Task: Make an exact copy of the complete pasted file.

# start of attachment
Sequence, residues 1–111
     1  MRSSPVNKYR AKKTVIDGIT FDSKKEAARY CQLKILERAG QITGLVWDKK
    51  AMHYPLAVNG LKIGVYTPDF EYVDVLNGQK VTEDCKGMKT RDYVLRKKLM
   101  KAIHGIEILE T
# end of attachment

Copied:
Sequence, residues 1–111
     1  MRSSPVNKYR AKKTVIDGIT FDSKKEAARY CQLKILERAG QITGLVWDKK
    51  AMHYPLAVNG LKIGVYTPDF EYVDVLNGQK VTEDCKGMKT RDYVLRKKLM
   101  KAIHGIEILE T